Interview with painter, Benjamin Lowery

Earlier this spring Ben Lowery invited me down to Bloomington to partake in a landscape painting workshop with Brian Rego, a founder of the perceptual painter group. It was a nice reminder of all the compositional complexities that can happen in our experience of the landscape that can also be expressed in clear and simple ways. I was grateful for the opportunity to participate. I was struck by Ben’s intentional effort to cultivate and discuss issues about landscape painting with academic vigor. Inviting him to be part of Summer Landscape was a natural progression of the conversation that started in Rego’s landscape painting workshop.

Furthermore, I was reminded of my own experiences painting the landscape while in Bloomington. Between the classes that Tim Kennedy and Eve Mansdorf teach during the summers and periodic assignments given during undergrad and graduate classes, it’s not unheard of to see painters in the university landscape. Observing and working from the landscape through plein air painting can be both communal and a discipline.

Ben’s practice moves adroitly between technique, history, and the contemporary conversation of landscape painting; it’s fitting to find Ben in the midst of a plein air outing.

Could you talk about your background in observational painting? 

I had done a little observational painting in undergrad, and drew from the figure a lot. However I didn’t really start till a few years later while hanging out with a friend on a porch one evening where we had some painting supplies out.  We just started painting junk strewn across a table and something about it stuck with me. I still have an image of that painting. From that point I started spending a lot of time working from observation.  It is fascinating to me how complicated and bizarre the process of translating something from your direct visual experience onto a picture plane is. There’s a Patrick Swift quote I like, ‘How difficult not to see anything but the visible,’ which I think describes a part of the struggle. After a few years of working from observation on my own I attended some summer programs, the Mount Gretna School of Art and JSS in Civita, which provided much needed outside input. This eventually led me to study here at IU Bloomington. I also saw that there were many painters alive today that worked from observation as a serious concern, and that it had many historical ties as well. I think observation works hand in hand with other concerns in painting and working from other sources, memory or invention. Ultimately there is much more to making a painting and the language of painting than direct observation, but I still find it a big part of my work.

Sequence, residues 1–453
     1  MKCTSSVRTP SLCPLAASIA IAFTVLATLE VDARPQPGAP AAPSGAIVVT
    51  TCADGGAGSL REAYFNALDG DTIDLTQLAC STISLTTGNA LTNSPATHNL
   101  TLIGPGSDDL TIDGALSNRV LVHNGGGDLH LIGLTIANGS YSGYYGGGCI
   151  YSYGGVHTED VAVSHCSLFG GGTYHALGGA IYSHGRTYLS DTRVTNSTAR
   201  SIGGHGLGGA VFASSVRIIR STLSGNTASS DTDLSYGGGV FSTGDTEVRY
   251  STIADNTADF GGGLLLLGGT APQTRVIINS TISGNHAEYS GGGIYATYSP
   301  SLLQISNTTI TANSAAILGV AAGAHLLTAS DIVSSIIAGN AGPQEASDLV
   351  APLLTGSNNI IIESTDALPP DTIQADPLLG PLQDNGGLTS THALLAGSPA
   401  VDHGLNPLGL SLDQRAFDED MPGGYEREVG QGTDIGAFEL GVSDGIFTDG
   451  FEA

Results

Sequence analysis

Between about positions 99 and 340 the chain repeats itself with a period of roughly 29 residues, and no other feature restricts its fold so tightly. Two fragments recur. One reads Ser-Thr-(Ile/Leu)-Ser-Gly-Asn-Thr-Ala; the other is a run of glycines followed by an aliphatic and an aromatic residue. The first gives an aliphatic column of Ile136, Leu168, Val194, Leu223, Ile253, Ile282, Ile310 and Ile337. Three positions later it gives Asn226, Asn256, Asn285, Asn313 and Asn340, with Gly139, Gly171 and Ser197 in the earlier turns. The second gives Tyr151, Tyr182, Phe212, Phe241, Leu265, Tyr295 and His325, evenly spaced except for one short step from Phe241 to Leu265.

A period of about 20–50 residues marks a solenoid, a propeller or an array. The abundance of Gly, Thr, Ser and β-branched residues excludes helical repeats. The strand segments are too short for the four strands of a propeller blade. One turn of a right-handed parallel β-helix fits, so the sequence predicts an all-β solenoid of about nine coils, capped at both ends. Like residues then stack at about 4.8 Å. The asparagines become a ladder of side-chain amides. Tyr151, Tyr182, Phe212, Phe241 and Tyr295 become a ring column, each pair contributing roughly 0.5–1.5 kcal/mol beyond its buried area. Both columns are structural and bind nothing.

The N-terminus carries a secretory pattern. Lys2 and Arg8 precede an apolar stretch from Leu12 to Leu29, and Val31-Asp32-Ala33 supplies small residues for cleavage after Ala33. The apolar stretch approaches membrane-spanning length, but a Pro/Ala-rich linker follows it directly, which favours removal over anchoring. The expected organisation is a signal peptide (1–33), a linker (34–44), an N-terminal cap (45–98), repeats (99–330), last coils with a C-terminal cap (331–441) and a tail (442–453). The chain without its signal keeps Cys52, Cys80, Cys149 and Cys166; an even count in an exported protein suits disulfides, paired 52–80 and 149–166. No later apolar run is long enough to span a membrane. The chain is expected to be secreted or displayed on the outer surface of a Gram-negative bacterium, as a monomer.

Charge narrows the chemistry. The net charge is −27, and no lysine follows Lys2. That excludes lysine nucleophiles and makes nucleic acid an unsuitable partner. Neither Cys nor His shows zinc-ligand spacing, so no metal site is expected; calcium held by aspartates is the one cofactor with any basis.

What are you focusing on while in the IU MFA program?

A lot of the work is still from observation, but some of the paintings I want to make require a mix of sources which is new to me. I have some paintings going that are narratives based loosely on my experiences. Most of these are incorporating figures into landscapes, like the piece in this show.

What is important to note about the large painting?

I was interested in painting an intense summer light on these interesting limestone rock formations in quarries around Bloomington. I also wanted to incorporate figures into this. A lot of it is done from photo references, so I was navigating how to do that as well even though it is not ideal. A lot of what I find myself thinking about while working on the painting are formal tensions and visual pressures involved in relating the figures in a space.

What other artists/works do you think about while painting the landscape?

I think a lot of influences trickle in, but I always go back to Corot, Morandi’s landscapes, Balthus’ landscapes and Constable when I’m painting the landscape. These are both for figures and how they structure the landscape. There’s this Corot painting at the Met called ‘The Curious Little Girl’ that is so strange, and I was looking at that a lot while painting for this piece. This particular painting has been an enormous learning process for me, so I’m not sure how those translate into it at this point, but they are what I look at when I’m taking a break.